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How to get started with DLNA

If you've ever wished for a way to stream media from your PC to another device, you should know about this technology.

What the heck is DLNA and why you should care about it? I'll keep this simple.

If you have a lot of media stored on your PC--namely music, movies, and photos--DLNA makes it possible to stream that stuff to other devices in your house.

What kinds of other devices? TVs, Blu-ray players, media boxes, and even smartphones and tablets. What's cool is that you might already own the gear you need. In that case, all you'd need is some free software for your PC.

That software effectively turns your PC into a server, making your media libraries available to compatible devices that connect to it. Among the popular media servers for Windows: Plex, TVersity, and Twonky.

On the device side, you may find that some manufacturers incorporate a branded version of DLNA. For example, many LG Blu-ray players and TVs offer a feature called SmartShare, but that's really just DLNA under a different name. Same goes for Philips' Simple Share and Samsung's AllShare.

If you have one of those devices, the manufacturer might steer you to a particular media-server program--like, say, Samsung's AllShare for Windows. But you may still be able to use a different server app if you like, including any of the aforementioned. As long as the device on the receiving end is DLNA-compliant, it should work.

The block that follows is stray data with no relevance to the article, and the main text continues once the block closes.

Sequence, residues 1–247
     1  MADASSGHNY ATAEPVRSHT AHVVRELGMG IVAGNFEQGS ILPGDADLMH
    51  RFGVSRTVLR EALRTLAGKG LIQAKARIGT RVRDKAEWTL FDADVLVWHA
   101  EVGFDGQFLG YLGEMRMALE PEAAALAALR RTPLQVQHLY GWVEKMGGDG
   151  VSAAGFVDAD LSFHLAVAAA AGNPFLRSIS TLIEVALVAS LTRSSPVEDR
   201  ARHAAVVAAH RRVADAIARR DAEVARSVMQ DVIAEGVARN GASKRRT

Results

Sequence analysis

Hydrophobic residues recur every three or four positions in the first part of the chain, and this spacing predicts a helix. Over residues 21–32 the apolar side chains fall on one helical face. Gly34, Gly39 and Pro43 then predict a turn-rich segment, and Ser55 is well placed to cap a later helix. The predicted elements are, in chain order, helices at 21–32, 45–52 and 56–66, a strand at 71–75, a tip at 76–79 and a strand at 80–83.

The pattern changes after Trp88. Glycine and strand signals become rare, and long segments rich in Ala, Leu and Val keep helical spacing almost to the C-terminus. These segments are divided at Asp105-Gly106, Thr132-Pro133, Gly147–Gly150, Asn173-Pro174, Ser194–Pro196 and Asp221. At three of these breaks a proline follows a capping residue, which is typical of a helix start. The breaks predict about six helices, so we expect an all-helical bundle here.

One area where DLNA can get tricky, especially when you're trying to stream video, is codecs. That refers to the way a video file is encoded, which can vary quite a bit depending on the source. This is especially true if you're downloading files from the likes of Bittorrent. If the video uses an unusual encoding format, it might not stream properly.

Alas, the only way to find out is through trial and error.

If you're eager to get your feet wet in the wonderful world of DLNA, I recommend installing Plex for Windows and then the Plex app for your Android, iOS, or Windows Phone device. Plex also works with Roku boxes and LG and Samsung TVs (those with "smart" features, that is). Give it a try, then let me know what you think!

Contributing Editor Rick Broida writes about business and consumer technology. Ask for help with your PC hassles at [email protected], or try the treasure trove of helpful folks in the PC World Community Forums. Sign up to have the Hassle-Free PC newsletter e-mailed to you each week.

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